Guaidó visits the European Parliament. Photo: Thierry Monasse/Getty Images

DAVOS — Venezuelan opposition leader Juan Guaidó used an address at the World Economic Forum in Davos, Switzerland to demand elections and call for more support from Europe.

Why it matters: Recognized as president by the U.S. but locked out of power for the past year by the regime of Nicolás Maduro, Guaidó is desperate to change an equation that tipped in Maduro's favor after a failed uprising last April.

  • Guaidó defied a travel ban in visiting Europe. He has acknowledged that Maduro could attempt to block his return, and said his presence in Davos puts members of the Venezuelan opposition in danger.
  • Guaidó was added late to the forum's agenda, and news of his impending arrival generated speculation of a meeting with President Trump. Trump left Davos yesterday, apparently without meeting Guaidó.

What he's saying: Guaidó laid out the scale of the crisis — a 75% drop in GDP, a migrant crisis that rivals Syria's as people flee in search of work and health care, and one million orphans left behind.

  • "There is murder, there is torture, but despite all of that we are here — we are united," he said.
  • As for why he had thus far failed to displace Maduro, Guaidó said outside powers were propping him up, and "perhaps we underestimated the capability of the dictatorship to do bad."

Guaidó said he was in Davos to keep the eyes of the world on Venezuela, but also called on Europe in particular for more support, including for Venezuelan refugees.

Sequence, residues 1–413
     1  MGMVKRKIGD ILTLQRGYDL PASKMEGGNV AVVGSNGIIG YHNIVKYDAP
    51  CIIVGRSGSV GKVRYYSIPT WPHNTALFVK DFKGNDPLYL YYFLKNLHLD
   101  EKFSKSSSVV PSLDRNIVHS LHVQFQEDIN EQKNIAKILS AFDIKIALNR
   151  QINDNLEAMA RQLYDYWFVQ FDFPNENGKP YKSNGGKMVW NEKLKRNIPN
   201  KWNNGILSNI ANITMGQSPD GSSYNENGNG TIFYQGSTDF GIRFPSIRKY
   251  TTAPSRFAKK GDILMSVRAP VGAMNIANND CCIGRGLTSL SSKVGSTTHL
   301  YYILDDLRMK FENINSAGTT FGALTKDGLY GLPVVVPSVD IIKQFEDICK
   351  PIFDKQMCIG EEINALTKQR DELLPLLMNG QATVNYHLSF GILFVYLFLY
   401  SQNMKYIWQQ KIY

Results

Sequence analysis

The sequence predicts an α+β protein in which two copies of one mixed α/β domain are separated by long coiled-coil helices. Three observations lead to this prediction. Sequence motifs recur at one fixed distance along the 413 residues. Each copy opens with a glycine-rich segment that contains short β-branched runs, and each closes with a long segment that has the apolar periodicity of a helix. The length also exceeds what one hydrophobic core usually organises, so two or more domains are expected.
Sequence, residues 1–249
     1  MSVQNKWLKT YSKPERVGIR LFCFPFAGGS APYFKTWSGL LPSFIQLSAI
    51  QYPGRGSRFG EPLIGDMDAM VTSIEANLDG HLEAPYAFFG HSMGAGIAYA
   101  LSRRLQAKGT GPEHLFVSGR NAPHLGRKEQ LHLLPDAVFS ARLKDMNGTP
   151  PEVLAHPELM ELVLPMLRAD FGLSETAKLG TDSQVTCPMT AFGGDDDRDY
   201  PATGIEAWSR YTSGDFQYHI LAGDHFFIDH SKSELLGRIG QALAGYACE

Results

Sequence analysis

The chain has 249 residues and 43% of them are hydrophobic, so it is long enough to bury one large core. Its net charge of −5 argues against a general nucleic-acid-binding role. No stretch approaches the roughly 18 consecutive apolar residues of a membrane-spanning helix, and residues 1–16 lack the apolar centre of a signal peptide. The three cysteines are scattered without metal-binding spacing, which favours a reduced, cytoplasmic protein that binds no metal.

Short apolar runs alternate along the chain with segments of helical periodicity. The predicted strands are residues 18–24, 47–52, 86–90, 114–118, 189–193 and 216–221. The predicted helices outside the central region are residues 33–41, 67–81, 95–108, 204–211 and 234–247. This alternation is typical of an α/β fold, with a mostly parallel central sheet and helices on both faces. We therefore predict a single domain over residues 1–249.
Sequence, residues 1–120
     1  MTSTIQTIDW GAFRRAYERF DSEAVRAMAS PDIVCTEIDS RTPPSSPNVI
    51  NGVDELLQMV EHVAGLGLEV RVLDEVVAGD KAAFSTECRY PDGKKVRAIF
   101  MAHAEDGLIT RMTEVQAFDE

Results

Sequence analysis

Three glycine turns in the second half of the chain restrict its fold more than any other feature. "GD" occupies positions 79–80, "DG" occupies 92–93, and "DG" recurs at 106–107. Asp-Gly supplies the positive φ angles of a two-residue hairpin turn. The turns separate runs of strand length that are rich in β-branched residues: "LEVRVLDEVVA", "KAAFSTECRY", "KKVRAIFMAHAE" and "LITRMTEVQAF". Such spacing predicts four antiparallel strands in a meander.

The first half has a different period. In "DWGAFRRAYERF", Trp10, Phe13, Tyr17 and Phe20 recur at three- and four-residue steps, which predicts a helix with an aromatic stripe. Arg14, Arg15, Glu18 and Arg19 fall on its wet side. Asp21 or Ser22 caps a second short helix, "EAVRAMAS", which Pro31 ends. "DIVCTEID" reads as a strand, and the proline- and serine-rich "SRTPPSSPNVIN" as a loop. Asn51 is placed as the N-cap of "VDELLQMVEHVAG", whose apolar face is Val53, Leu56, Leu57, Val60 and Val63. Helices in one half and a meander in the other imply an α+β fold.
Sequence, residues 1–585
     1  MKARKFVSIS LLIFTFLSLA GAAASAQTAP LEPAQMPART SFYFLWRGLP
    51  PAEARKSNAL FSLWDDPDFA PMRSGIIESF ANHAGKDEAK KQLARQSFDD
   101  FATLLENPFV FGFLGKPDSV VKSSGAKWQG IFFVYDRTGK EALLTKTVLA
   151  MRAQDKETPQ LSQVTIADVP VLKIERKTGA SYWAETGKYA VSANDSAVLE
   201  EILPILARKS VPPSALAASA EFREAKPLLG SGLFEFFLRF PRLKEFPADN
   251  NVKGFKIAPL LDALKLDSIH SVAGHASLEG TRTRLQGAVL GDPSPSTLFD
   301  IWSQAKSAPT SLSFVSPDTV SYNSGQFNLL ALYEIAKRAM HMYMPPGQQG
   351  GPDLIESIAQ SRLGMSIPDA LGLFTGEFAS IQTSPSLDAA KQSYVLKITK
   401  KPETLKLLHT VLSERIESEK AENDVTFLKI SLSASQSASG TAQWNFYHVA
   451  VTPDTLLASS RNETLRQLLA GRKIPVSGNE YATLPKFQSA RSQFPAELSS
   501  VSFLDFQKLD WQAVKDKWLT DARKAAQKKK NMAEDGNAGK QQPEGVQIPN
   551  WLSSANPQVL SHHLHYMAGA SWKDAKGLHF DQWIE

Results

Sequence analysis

• He said the world needed to come together to block the illegal gold trade, which provides critical revenues to the regime.
  • He also called for international backing for elections this year. "Only in a dictatorship do you have to ask for free elections," he said.

The backdrop: Venezuela's economic crisis is almost unfathomable given its vast oil resources and former prosperity. The migration crisis has severely strained the resources of neighbors like Colombia.

  • Colombian President Ivan Duque sat in the front row during Guaidó's speech, and embraced and conferred with him after it concluded.

Driving the news: On Jan. 5, security forces blocked Guaidó from entering the National Assembly, which he leads, and a Maduro loyalist was sworn in to replace him. That move was condemned internationally, and the U.S. continues to consider Guaidó the president of the assembly and the country.

Go deeper: Maduro survives 2019.

Go deeper

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What they're saying: Trump nominates Amy Coney Barrett for Supreme Court

Judge Amy Coney Barrett in the Rose Garden of the White House on Sept. 26. Photo: Oliver Douliery/AFP via Getty Images

Democratic and Republican lawmakers along with other leading political figures reacted to President Trump's Saturday afternoon nomination of federal appeals court Judge Amy Coney Barrett to succeed Justice Ruth Bader Ginsburg on the Supreme Court.

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Amy Coney Barrett: "Should I be confirmed, I will be mindful of who came before me"

Trump introduces Amy Coney Barrett as nominee to replace Ruth Bader Ginsburg. Photo: Olivier Douleiry/Getty Images

In speaking after President Trump announced her as the Supreme Court nominee to replaced Ruth Bader Ginsburg, Circuit Court Judge Amy Coney Barrett said on Saturday she will be "mindful" of those who came before her on the court if confirmed.

What she's saying: Barrett touched on Ginsburg's legacy, as well as her own judicial philosophy and family values. "I love the United States and I love the United States Constitution," she said. "I'm truly humbled at the prospect of serving on the  Supreme Court."